Tethered to tugs, a tanker leaves Westridge terminal in Burnaby after taking on a load of Alberta crude. (Black Press files)

UPDATE: B.C. blasted for Trans Mountain pipeline tactics

Alberta’s Rachel Notley says she will ‘restrict’ petroleum to B.C.

Alberta Premier Rachel Notley says she is following through with her threat to restrict petroleum shipments to B.C. as the dispute over oil pipeline expansion heats up.

“We are introducing legislation to allow us to restrict product to B.C.,” Notley announced on Twitter Monday afternoon.

Notley reiterated that the Alberta government is willing to invest public money in the Trans Mountain pipeline expansion project if necessary, and urged the federal government to “follow our lead” to press B.C. to drop its opposition.

Premier John Horgan took every question in the B.C. legislature Monday, rejecting accusations that his continued opposition to the Trans Mountain pipeline expansion project is unconstitutional and damaging to the national economy.

“I don’t give a damn what The Globe and Mail says,” Horgan replied after the newspaper’s lead editorial was quoted to him by B.C. Liberal critics in question period.

Horgan continued the argument of B.C. Environment Minister George Heyman, who told reporters earlier that a court challenge of the project is appropriate and any action by Alberta to penalize B.C. would be “unlawful.” The court reference was made after Alberta cut off shipments of B.C. wine to retaliate against Heyman’s proposal for new regulations to restrict diluted bitumen transport across the province.

Reaction has been fast and furious since Kinder Morgan announced on Sunday it has suspended non-essential spending on the project, twinning its 65-year-old crude oil and fuel pipeline from Alberta to southwestern B.C.

B.C. Liberal leader Andrew Wilkinson said the federal government’s criticism of Horgan’s government on a pipeline that has federal and provincial approval is the kind usually reserved for Quebec separatists.

The Business Council of B.C. is calling for Prime Minister Justin Trudeau to meet with B.C. Premier John Horgan to resolve the standoff over the Trans Mountain pipeline expansion project.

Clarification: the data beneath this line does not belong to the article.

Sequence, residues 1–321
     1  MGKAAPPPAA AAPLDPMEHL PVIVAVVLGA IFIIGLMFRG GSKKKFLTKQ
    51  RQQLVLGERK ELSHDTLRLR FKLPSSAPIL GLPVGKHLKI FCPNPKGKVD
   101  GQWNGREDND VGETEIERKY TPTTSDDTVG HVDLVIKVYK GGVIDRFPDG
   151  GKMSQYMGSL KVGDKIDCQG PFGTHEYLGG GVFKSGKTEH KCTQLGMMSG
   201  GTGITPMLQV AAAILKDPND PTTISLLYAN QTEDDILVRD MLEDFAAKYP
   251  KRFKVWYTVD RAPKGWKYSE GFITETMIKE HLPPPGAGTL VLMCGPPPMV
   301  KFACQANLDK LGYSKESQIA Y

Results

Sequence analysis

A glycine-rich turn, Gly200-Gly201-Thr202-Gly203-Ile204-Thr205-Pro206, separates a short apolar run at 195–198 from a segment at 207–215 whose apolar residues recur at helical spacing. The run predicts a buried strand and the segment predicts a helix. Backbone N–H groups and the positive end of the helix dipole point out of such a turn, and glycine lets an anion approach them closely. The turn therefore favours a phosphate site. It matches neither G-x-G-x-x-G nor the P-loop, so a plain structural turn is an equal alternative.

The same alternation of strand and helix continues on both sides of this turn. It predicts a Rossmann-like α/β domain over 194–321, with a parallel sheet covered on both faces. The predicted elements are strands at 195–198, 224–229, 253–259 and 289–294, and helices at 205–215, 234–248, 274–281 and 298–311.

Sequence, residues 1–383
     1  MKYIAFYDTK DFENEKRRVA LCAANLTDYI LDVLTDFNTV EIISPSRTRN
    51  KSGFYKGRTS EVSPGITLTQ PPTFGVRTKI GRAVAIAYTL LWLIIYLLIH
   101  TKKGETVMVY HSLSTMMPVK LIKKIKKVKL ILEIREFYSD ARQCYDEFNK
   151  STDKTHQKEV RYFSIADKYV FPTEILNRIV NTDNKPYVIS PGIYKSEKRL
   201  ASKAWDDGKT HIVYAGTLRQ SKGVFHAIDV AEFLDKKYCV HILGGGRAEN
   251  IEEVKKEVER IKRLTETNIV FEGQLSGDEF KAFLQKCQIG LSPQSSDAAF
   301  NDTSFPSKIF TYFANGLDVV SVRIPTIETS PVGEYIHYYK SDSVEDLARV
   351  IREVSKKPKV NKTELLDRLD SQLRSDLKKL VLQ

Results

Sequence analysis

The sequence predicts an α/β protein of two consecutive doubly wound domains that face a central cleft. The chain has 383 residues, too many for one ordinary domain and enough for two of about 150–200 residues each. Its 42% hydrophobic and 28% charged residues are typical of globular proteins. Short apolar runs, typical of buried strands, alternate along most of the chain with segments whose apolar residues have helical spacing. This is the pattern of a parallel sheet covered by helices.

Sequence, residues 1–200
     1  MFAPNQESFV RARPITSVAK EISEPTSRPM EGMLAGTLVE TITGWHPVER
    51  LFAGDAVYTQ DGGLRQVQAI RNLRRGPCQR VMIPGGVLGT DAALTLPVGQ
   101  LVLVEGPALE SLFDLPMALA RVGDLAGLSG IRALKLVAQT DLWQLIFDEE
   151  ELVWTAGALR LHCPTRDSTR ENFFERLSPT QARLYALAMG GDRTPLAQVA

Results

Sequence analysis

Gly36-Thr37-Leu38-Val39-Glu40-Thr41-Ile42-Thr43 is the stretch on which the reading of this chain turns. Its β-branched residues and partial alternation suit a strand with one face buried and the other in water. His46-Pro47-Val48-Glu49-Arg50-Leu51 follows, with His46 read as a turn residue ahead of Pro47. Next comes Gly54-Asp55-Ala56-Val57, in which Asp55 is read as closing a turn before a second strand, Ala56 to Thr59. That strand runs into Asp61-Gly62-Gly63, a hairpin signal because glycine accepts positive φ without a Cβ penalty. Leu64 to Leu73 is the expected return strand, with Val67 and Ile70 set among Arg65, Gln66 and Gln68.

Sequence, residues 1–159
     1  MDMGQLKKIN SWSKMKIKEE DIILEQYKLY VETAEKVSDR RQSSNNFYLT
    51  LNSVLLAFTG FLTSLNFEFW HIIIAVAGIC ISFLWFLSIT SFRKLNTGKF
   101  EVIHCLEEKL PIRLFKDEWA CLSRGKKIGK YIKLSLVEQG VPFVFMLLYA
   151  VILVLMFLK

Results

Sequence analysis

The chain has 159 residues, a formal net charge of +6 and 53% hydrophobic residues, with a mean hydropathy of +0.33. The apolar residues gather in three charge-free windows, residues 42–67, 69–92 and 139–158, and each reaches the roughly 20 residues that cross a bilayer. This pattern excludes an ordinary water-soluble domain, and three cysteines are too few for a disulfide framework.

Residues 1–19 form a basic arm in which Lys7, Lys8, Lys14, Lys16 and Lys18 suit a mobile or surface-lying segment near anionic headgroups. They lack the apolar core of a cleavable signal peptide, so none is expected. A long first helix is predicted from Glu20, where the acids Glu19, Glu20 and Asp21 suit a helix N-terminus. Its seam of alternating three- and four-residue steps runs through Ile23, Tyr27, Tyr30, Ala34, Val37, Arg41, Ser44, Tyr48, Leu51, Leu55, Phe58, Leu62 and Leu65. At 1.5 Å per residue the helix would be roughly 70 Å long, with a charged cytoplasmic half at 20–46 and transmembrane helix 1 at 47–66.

“This is no longer about a pipeline project or whether one supports or opposes the legal movement of energy in Canada, which all Canadians and our economy rely on,” said Greg D’Avignon, president of the business council.

“Provoked by the B.C. government’s continued position, this is a referendum on whether British Columbia is open to investment and whether a legal enterprise can, with any confidence, build and operate a business within the province and the country.”

RELATED: Judge calls for criminal charge against protesters

Alberta Premier Rachel Notley said Monday she has told Horgan that her government will move quickly to pass legislation with “serious economic consequences on British Columbia” if its opposition to the project continues.

“In cabinet, we discussed the importance of getting this pipeline built,” Notley said. “If the voices of the majority of Canadians are forgotten, the reverberations of that will tear at the fabric of confederation for many years to come.”

Federal Natural Resources Minister Jim Carr reaffirmed Prime Minister Justin Trudeau’s assurance that the Trans Mountain pipeline expansion will continue.

Horgan’s efforts to stop the project “harm the entire Canadian economy,” Carr said. “At a time of great global trade uncertainty, the importance of Canada’s role in the global energy market is bigger than individual projects and provinces.”

Just Posted

Four people sent to hospital in crash near Qualicum Beach

Fire crews worked alongside paramedics: Dashwood fire dept.

Sisters share exhibit in Qualicum Beach

From gnomes and fairytales to trees and texture, but plenty of connections between pair

Parksville council disagrees over parkland, payment

Developer planned to provide 0.5 ha. of land

Rodeo returns to Coombs for fourth year

Events include saddle, bareback riding and barrel racing

Model trains, historical exhibits offered at Parksville museum’s Railway Days

The family-friendly event takes place on Aug. 17 and 18 and is by donation

VIDEO: Jazz greats sound off in Parksville

Concert featured Phil Dwyer music academy faculty

Authorities mull evacuation order for Zeballos

Smoke billowed from the steep hillsides of Zeballos on Friday evening, as… Continue reading

Safeway union urges prejection of mediator recommendations

Says mediator asks for too many concessions

Fire chases B.C. crews out of their own camp

Crews in Burns Lake had to leave after a wildfire reportedly overtook their sleeping quarters

To address peacock problem, B.C. city moves ahead on trapping plan

Surrey’s new bylaw focuses on ensuring people no longer feed the birds, ahead of relocation

Hospitals to see ‘delays’ in care after losing Saudi students, health group says

About 1,000 Saudi residents called back to kingdom after suspending diplomatic relations with Canada

Bernier diatribe against ‘extreme multiculturalism’ boosts Liberal coffers

Party spokesperson Braeden Caley says online donations doubled, social media engagement quadrupled

‘Disjointed’ system hinders British Columbia First Nations in wildfire fight

More than 550 wildfires were burning in B.C. and crews were bracing for wind and dry lightning

Castlegar bridge designed by architect of collapsed Italian bridge

Riccardo Morandi designed the Kinnaird Bridge, which is part of Highway 3.

Most Read